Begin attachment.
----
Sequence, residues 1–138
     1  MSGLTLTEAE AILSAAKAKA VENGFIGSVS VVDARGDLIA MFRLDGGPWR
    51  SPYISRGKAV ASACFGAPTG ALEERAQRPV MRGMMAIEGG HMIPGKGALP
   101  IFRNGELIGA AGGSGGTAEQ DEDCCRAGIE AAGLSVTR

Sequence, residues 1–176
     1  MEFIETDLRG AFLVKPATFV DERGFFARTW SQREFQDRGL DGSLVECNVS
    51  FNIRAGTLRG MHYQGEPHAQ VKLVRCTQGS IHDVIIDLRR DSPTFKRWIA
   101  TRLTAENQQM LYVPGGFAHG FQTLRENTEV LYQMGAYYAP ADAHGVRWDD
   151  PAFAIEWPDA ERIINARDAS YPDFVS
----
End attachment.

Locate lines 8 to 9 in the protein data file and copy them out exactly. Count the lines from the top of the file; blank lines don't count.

   101  TRLTAENQQM LYVPGGFAHG FQTLRENTEV LYQMGAYYAP ADAHGVRWDD
   151  PAFAIEWPDA ERIINARDAS YPDFVS